Anecdotally, the prevalence of pituitary par intermedia dysfunction (PPID) has increased over the past few decades; however there is no evidence to support this, and any apparent increase in prevalence likely reflects a combination of the increasing proportion of geriatric animals in the equine population, increased disease recognition and improved diagnostics. PPID is an age-related dopaminergic neurodegenerative disease affecting the pars intermedia of the pituitary gland, and as the most common endocrine disorder of older equids it is of significant importance in equine practice, with an estimated prevalence of 21% in horses/ponies aged ≥15 years. The clinical syndrome is variable between horses, with hypertrichosis, laminitis and epaxial muscle wastage being the most frequently reported clinical signs.

Initially described as Peripheral Cushing’s Disease and pre-laminitic syndrome, a more recent ACVIM consensus statement defined Equine Metabolic Syndrome (EMS) as the presentation of a phenotype of obesity, insulin resistance and laminitis, or predisposition to laminitis. Insulin dysregulation is central to the pathophysiology of EMS, and assessment of insulin regulation is essential for diagnosis. While there are currently no robust prevalence data for EMS, obesity, hyperinsulinaemia and laminitis are all reported with high prevalence in horses and ponies.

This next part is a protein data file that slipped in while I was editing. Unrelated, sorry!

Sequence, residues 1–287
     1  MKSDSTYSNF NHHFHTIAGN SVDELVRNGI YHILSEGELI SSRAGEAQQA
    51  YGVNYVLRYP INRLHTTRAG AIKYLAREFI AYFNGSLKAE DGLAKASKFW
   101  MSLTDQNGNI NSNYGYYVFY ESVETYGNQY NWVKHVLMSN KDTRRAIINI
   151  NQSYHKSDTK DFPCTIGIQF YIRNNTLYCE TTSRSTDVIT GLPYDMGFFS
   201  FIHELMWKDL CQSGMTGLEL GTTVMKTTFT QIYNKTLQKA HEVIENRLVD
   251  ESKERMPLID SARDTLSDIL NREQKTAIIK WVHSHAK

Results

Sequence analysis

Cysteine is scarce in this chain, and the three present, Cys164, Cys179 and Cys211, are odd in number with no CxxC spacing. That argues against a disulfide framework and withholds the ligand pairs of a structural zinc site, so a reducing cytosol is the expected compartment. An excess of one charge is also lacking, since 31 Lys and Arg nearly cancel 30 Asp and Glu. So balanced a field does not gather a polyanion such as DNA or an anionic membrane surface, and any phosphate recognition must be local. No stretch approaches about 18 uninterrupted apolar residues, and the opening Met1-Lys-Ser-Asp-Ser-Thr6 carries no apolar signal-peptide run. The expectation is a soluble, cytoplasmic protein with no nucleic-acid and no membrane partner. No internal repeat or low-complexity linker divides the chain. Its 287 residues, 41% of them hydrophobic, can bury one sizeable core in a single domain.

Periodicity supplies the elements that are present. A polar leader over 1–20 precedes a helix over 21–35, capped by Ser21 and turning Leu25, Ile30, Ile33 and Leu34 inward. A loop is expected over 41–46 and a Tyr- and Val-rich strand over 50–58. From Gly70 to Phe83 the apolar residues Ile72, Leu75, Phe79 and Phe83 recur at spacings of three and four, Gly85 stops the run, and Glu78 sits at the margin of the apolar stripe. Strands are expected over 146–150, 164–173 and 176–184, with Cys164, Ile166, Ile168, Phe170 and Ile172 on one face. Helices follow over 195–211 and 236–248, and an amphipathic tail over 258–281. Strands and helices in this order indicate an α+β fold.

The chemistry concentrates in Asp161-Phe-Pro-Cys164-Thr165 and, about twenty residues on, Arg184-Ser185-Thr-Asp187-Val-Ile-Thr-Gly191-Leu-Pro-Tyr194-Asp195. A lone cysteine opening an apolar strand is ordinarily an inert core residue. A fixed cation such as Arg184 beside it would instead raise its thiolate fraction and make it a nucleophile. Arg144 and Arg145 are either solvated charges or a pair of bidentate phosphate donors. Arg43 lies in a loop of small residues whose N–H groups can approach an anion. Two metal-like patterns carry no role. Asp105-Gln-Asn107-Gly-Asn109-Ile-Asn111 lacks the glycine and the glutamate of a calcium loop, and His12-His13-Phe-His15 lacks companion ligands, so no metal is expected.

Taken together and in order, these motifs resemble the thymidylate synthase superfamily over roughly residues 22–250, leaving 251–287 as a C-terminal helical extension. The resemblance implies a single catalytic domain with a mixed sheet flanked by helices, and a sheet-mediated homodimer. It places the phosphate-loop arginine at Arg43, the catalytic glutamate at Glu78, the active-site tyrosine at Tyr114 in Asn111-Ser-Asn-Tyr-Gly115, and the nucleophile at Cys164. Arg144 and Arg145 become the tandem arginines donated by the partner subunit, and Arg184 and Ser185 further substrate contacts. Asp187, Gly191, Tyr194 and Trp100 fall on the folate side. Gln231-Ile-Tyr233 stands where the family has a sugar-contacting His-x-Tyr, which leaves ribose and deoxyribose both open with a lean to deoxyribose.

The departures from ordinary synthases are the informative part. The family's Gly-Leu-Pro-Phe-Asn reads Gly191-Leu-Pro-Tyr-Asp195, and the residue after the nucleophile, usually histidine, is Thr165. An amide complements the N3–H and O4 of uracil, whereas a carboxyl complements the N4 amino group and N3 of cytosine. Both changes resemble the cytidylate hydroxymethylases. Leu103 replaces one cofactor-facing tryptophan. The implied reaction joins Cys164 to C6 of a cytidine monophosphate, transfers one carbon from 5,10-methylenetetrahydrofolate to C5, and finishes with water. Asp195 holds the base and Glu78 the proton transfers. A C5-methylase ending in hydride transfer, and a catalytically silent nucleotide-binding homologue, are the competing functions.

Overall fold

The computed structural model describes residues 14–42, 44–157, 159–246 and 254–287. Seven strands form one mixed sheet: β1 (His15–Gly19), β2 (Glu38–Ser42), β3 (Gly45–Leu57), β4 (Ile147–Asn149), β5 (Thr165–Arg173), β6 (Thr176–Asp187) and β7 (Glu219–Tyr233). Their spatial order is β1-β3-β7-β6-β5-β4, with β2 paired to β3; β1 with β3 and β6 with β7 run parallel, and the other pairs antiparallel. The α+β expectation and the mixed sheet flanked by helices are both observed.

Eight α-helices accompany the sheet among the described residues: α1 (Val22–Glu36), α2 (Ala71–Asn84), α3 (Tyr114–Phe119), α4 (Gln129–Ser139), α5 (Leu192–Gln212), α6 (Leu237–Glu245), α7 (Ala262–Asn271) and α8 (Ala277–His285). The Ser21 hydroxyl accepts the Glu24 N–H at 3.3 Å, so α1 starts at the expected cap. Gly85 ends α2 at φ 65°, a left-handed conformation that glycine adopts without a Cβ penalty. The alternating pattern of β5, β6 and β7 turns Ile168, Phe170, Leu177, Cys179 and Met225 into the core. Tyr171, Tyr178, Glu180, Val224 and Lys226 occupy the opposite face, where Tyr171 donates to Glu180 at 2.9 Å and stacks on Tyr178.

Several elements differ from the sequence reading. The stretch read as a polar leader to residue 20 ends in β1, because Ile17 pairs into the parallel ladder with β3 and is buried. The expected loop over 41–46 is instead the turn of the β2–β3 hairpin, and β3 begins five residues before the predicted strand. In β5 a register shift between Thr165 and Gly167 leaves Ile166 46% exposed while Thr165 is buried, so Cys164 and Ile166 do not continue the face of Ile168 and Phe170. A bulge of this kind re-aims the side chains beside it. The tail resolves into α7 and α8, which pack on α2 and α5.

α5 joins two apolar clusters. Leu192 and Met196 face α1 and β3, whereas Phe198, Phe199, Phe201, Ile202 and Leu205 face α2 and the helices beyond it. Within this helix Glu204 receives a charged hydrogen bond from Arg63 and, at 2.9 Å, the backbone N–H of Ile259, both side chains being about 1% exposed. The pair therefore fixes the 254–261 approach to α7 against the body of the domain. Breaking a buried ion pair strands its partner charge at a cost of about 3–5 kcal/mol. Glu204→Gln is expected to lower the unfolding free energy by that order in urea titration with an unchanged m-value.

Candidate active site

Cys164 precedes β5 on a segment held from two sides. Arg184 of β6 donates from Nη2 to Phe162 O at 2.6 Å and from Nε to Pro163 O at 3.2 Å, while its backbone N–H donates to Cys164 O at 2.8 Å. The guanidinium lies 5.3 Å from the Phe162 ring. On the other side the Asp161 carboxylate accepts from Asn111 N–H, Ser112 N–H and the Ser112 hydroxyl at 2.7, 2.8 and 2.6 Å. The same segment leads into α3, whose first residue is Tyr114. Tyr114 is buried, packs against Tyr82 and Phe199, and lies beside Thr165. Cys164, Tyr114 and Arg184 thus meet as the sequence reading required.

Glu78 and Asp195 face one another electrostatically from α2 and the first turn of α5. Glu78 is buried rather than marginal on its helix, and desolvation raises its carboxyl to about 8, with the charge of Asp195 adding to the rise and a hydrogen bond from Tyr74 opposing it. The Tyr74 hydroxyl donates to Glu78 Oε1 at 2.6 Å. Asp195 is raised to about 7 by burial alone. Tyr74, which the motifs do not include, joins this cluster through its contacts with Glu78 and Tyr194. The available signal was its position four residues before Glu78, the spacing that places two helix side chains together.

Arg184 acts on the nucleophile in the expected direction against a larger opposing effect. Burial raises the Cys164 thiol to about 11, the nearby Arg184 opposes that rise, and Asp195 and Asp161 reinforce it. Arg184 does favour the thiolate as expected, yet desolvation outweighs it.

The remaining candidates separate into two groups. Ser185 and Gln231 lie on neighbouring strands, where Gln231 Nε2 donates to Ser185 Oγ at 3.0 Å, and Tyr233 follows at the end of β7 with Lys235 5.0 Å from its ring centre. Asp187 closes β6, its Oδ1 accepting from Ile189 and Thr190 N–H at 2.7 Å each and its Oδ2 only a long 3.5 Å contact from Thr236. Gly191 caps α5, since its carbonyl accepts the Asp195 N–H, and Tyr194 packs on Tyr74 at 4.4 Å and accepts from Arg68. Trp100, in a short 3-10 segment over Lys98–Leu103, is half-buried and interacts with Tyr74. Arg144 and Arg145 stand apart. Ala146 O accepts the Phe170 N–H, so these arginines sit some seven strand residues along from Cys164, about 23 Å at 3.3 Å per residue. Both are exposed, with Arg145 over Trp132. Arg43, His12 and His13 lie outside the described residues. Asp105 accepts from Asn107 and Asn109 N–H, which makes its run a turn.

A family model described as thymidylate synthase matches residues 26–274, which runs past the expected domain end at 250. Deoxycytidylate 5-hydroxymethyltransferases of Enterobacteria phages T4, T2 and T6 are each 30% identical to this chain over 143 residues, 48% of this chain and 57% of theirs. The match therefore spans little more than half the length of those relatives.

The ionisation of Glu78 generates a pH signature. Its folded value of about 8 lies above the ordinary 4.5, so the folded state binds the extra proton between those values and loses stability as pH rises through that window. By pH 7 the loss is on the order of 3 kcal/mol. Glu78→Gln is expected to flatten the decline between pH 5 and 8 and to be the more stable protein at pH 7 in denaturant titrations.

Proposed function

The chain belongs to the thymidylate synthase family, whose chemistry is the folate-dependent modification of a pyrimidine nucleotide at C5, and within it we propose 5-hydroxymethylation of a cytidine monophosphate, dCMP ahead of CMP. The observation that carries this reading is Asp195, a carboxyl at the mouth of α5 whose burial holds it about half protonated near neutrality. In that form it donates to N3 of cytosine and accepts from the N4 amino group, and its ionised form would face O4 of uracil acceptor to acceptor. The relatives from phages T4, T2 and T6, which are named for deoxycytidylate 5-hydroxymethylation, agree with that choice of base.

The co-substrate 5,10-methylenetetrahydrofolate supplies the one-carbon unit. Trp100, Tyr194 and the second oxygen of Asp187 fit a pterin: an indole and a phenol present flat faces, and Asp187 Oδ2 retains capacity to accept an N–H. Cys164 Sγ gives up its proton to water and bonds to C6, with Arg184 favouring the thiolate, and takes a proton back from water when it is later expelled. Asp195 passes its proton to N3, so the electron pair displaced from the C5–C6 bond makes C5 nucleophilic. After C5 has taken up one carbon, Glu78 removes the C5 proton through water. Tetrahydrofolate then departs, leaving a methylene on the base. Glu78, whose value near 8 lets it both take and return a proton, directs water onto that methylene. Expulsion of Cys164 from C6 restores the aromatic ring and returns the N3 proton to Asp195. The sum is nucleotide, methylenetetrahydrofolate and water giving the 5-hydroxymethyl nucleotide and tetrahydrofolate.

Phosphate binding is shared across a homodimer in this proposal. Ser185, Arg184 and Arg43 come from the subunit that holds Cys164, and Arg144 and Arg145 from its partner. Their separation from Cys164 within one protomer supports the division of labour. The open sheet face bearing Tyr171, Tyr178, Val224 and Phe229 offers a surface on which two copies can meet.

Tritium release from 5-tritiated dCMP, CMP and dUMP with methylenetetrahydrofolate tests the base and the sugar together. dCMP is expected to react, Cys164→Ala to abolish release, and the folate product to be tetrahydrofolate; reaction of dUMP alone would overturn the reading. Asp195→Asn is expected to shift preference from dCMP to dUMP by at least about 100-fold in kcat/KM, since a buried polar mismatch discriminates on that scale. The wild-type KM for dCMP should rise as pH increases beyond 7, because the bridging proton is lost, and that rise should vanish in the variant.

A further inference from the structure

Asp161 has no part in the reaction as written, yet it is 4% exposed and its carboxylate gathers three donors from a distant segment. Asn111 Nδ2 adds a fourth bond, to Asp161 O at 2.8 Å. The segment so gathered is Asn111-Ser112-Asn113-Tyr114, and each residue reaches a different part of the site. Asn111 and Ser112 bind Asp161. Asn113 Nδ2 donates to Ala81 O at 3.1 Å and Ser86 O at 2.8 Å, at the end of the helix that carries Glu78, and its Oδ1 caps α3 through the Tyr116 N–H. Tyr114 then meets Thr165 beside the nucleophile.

Equine grass sickness (EGS) is a predominantly fatal polyneuropathy affecting grazing equids, first described in eastern Scotland in the early 1900s. Britain continues to have the highest incidence of EGS worldwide, with identifiable high-risk areas demonstrated through several epidemiological studies. EGS occurs in acute, sub-acute, and chronic forms, based on the duration and severity of clinical signs. Although recognised for over 100 years, the cause of EGS has not been definitively determined. Based on scientific evidence implying that EGS may be the result of a toxico-infectious form of botulism involving C. botulinum type C, a nationwide randomised field vaccine trial is currently underway.

Equine atypical myopathy (EAM) is an acute rhabdomyolysis with a high mortality rate, first recognised in grazing horses in Scotland around 1939. A major outbreak in Germany in 1995 raised awareness of the condition worldwide, and since 2000, numbers of European outbreaks have increased considerably, prompting epidemiological research into aetiology and prevention. Recent studies have demonstrated that EAM is associated with ingestion of hypoglycin-A, with seeds and seedlings of the sycamore tree (Acer pseudoplatanus) implicated in European cases, which has had a major impact in informing preventive management strategies.

Get involved

So why not join us at BVA HQ on 27 September 2017 for a day’s CPD considering the latest issues relating to both exotic disease threats and emerging medical conditions of current relevance to UK horses. The course will update practitioners on the latest exotic disease threats and emerging medical conditions facing UK horses currently, whilst also providing attendees with tips on how to keep themselves informed on global disease occurrence.

Dr Jo Ireland and Dr Richard Newton

Written by Dr Jo Ireland and Dr Richard Newton

Richard is Director of Epidemiology and Disease Surveillance at the Animal Health Trust, Newmarket and Jo is a Lecturer in Equine Practice at the University of Liverpool.